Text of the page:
He is realistic but very optimistic as well. He tells our small, emotional group that we will let Brenna take things at her own pace. We grill him with questions, and I am specifically concerned with how long she will have to stay at the NICU. At this point, I am aware only that Brenna’s skin is different. In my mind, this means she will look different and poses no other health risks.
I don’t understand why Brenna’s condition is so serious, and I am so frustrated that Dr. Conlon can’t tell us when Brenna will be “better” and when she will be able to come home. Evan tells me later that Dr. Conlon is especially non-committal about Brenna’s prognosis because of my post-partum emotions.
I am encouraged by all doctors involved to spend the night at the hospital that night, and I don’t argue. Evan quickly agrees to stay with me, and Evan’s parents head home to keep Connor overnight.
Thankfully because Brenna’s birth was so easy, I have very little post-birth pains. I am walking comfortably less than an hour after birth and don’t even notice the pains from uterine contractions. I am very concerned with pumping breastmilk for my new baby, but the hospital staff is much less so. The visibly upset nurses tell me to take the night off and just sleep.
I am so anxious to check out of the hospital in the morning and to see my precious baby. But I am feeling fairly level-headed, and I know that I can't neglect my own health either.
Finally around noon the next day – less than 24 hours after giving birth - I am wheeled down to the lobby by a hospital volunteer, clutching to my hospital bags still full of brand-new baby outfits and blankets. As we drive away from the hospital, I try to ignore the fact that our backseat is empty where there should be a baby carefully buckled into her car seat.
The fourth floor neonatal intensive care unit of the
Children’s Hospital is so foreign
to me. Phones hang on the walls so that parents and relatives can telephone
into the nurses to make sure it is OK to come visit their babies. Sinks are
lined next to the phones, and visitors are required to wash with soap and warm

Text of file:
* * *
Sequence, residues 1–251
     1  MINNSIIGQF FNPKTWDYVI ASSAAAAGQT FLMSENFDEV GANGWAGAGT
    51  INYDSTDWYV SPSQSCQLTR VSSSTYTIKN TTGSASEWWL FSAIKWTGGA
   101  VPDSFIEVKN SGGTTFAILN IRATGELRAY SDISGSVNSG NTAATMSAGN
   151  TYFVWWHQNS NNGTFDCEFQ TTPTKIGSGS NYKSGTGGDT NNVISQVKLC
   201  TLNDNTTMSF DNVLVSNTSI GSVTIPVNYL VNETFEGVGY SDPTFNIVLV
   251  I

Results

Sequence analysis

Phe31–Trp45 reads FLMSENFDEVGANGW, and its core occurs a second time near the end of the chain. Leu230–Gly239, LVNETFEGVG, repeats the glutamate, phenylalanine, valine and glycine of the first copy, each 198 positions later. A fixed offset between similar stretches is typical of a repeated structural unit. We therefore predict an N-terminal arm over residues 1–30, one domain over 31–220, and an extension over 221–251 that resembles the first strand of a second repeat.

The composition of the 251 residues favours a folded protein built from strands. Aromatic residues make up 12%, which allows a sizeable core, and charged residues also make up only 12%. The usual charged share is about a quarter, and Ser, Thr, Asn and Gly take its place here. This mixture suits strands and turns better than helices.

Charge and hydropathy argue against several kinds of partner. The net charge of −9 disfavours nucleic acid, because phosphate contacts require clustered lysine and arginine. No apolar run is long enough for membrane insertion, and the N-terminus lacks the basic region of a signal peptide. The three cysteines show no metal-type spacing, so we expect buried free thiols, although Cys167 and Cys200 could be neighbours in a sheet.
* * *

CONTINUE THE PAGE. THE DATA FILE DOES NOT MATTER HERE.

water up to their elbows before entering the unit. It is a sterile environment,
and there are many regulations to ensure the utmost cleanliness for the tiny,
vulnerable babies. St. John’s
Evan leads me around the corner from the front desk to one of the end rooms in the unit, a small isolation pod that is Brenna’s new home.
My stomach turns to knots as I step to the tiny incubator where Brenna lies naked except for a wrap around her leg that alerts medical staff to her lung saturation (breathing) levels. Though I try to ignore any negative thoughts, my chest is tightening at the sight of my daughter.
Every vision I’ve ever had of my future, of my “perfect” family, of my little girl with bouncy blond pigtails, completely vanishes. How could we not have known something was so wrong with our baby? How could we have had such a blissful pregnancy when our daughter was forming like this inside me? It is the first time I get a real, clear look at my new baby girl, and I am physically aching at the sight.
Brenna is covered in a ghost-white skin that is formed more like armor shields than a whole covering across her body. Cutting through the thick white plaques are deep fissures that are so red and angry I can’t stand to think about how painful they must feel.
I can barely make out the outline of her ears because the skin is so thick; ear canals are impossible to see. The skin has pulled her face so tightly that her facial features are deformed – her lips pulled taut and puffy and her eyelids flipped inside out, leaving only inflamed, swollen redness exposed where her big beautiful eyeballs should be.
Brenna lies rigid on her flattened bed, having been laid on her side for the time being. Her fingers and toes are tightly balled up and conjoined by the skin. The thicker white skin that covers her head, limbs and upper torso gives way to fissured skin at her lower belly and groin area that is so red and raw that it almost looks bloody.
But most worrisome to me as I analyze every facet of my daughter’s outward appearance is the taut skin across her chest and stomach, which causes her breaths to come in rapidly and shallow...skin wrapping her chest so tightly that she can't even take a deep breath.
“Oh sweetie, I'm so sorry,” I exhale in anguish, and I make no effort to stop the hot tears that begin rolling down my cheeks.
To be continued…